Anyway, I think interface is something anyone can check out themselves and make their own decision. But an individual user can't try a program out against 500,000 different kinds of viruses.

The more I study the tests, the more I see that AVG doesn't do a great job of detecting viruses that AVG hasn't already identified -- in other words, it doesn't catch viruses that would be picked up by their warning signs. AntiVir and most others do a much better job in that particular department, as well as do about as good a job in the areas AVG also does well. This seems to be a major weakness of AVG.

I've seen some people say that the tests all have different results... Well of course they do, but the trends also stand out. One is what I just mentoined about AVG's heuristics, which seems to show up in all the serious tests. And the ones that tend to be among the best in one test also tend to be among the best in others. Maybe not the exact same order, but in general they're in the same ballpark. It doesn't mean the tests are completely irrelevant, no more than baseball standings would be irrelevant because the Yankees are on a hot streak now while in May they were losing.

#5 DJBPace07

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Posted 14 August 2007 - 06:25 PM

Here's another factor when rating AV testing: System Resources Used

Having a great AV won't mean much while your system is bogged down trying to run it in the background.

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#6 Alan D

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Posted 15 August 2007 - 03:00 AM

After having some viruses get through 2 different machines using AVG plus other anti-spyware and firewall programs, all set up as recommended on this site, I started to have major doubts about AVG's effectiveness.


I've found it increasingly difficult to extract useful information from tests, reviews, and user reports for a number of reasons, one of which arises from the blurred boundary between the things that an antivirus program might be expected to detect, and the things that an antispyware program might be expected to detect.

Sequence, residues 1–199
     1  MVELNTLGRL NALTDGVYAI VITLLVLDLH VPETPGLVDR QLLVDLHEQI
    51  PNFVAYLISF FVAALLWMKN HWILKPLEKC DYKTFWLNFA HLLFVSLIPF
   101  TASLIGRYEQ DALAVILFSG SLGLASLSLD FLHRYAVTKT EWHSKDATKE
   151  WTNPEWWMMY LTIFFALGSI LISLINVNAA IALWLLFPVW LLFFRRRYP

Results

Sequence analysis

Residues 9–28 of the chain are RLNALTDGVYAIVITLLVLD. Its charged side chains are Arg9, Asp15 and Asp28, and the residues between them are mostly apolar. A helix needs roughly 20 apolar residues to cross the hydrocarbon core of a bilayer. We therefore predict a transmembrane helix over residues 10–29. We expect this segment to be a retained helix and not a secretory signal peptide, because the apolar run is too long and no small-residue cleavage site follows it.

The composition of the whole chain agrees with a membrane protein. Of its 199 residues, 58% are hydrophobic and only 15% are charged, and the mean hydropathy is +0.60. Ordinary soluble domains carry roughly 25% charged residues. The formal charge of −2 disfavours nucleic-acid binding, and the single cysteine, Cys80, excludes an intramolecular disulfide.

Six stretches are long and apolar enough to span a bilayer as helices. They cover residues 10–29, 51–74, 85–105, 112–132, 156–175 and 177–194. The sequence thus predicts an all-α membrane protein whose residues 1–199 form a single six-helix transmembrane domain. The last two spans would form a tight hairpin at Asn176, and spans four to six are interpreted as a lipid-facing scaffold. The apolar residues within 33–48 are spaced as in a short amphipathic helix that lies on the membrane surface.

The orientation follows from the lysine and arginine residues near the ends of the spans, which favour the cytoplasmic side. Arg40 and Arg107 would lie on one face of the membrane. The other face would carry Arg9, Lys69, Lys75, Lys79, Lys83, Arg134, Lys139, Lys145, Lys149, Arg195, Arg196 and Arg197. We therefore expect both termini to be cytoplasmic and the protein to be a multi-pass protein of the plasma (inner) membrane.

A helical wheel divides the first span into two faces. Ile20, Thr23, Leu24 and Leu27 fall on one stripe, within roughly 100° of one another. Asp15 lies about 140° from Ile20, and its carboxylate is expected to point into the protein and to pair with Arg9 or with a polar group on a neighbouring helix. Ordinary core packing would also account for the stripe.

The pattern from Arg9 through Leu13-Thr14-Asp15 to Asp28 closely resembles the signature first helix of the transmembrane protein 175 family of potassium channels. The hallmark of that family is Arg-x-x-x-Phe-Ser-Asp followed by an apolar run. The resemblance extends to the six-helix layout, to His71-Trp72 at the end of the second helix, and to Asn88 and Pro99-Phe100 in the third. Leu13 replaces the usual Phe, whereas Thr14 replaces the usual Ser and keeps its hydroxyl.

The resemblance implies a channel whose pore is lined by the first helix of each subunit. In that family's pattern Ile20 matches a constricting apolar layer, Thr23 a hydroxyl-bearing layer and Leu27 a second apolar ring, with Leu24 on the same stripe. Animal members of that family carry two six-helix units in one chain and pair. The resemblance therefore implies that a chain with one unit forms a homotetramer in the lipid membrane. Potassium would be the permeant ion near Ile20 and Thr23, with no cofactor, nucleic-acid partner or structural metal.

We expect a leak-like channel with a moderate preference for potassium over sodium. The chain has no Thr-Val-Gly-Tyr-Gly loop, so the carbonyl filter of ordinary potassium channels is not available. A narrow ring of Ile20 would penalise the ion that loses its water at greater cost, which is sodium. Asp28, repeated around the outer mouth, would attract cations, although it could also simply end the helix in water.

For example, I look at this vague combination of 'AVG plus other antispyware programs', and I wonder how vulnerable that might be, simply because it's not an integrated combination. For instance, I personally would not feel secure using AVG Free plus (let's say) Spybot and AdAware to scoop out the spyware. Not because they aren't all good programs in their own ways, but because they were never designed to operate together as a unit. They come from a time when a virus was a virus and spyware was spyware (and when the spyware was possibly more like an irritant than a threat). My impression is that things have changed a lot since then, and what is needed is some kind of integrated approach (I adopted AVG's AntiMalware myself, but it's the basic principle that counts) which combines real-time protection against the whole range of threats (plus, of course, other antispyware scanners as a back up resource.) We could be using the 'best' antivirus and the 'best' antispyware, and still leave gaping holes in our defences because of that uncertain area in the middle ground; we simply don't know. At least, I don't know.

As far as reviews are concerned - what are we to make of reviews (apparently sometimes using spyware simulators) that highlight what are seen as serious limitations in a program like SUPER Antispyware, when so many people, dealing with real threats in the field, report time after time that the program is extremely successful at cleaning out quite heavily infected systems in practice?

At the moment there seem to be too many variables to get a clear picture.

Edited by Alan D, 15 August 2007 - 08:07 AM.

Windows XP Home SP2; AVG 7.5 Internet Security Suite (AV/AS r.t.p, and firewall); Windows Defender (r.t.p on); SuperAntispyware Free; a-squared Free 3.5.0.15; Spybot 1.4 (Immunised, but no Tea-timer); AdAware SE Free; AVG Anti-Rootkit Free; Spywareblaster; MVPS Hosts file (with HostsMan); McAfee Site Advisor.

#7 Billermo

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Posted 16 August 2007 - 02:52 AM

My intitial reaction on reading your idea about the blurred line between viruses and spyware, and how there are likely to be gaps between what AV and ASW programs cover you against, was that you were exactly correct. But after a day of thinking about it, it struck me that the blurred lines probably lead to AV programs trying to cover more of the spyware that acts like a virus, and anti-spyware likewise being more concerned about anything in the gray area that might be considered by some to be part of their territory. So if you had the best AV and best ASW, you're probably going to end up with two programs trying to protect against some of the same threats--an overlap, in other words. The idea behind having a number of different anti-spyware programs is to get blind spot coverage for what the other doesn't provide, so if you went with one all-in-one package, I would think it's more likely to have blind spots than if you used a single AV program together with 2 or 3 ASW programs.